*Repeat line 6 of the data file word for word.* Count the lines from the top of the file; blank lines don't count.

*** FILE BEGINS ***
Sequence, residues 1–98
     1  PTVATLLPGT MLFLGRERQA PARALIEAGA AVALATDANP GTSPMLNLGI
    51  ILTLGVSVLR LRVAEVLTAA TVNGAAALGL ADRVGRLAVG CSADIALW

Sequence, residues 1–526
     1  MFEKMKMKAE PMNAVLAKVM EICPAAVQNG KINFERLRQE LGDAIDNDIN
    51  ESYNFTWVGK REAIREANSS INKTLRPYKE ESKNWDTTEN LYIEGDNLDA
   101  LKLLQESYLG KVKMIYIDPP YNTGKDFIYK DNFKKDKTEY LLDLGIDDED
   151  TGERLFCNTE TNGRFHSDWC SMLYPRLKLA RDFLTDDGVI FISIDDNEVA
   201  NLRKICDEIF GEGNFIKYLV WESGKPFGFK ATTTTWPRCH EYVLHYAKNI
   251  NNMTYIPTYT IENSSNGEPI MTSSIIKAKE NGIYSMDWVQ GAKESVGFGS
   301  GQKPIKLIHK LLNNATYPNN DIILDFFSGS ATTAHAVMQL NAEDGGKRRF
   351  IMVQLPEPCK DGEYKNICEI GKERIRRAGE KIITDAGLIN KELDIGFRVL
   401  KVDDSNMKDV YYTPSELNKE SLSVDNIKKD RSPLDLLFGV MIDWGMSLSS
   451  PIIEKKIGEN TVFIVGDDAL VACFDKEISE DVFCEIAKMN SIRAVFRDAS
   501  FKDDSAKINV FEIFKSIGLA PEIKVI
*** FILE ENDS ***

    51  ESYNFTWVGK REAIREANSS INKTLRPYKE ESKNWDTTEN LYIEGDNLDA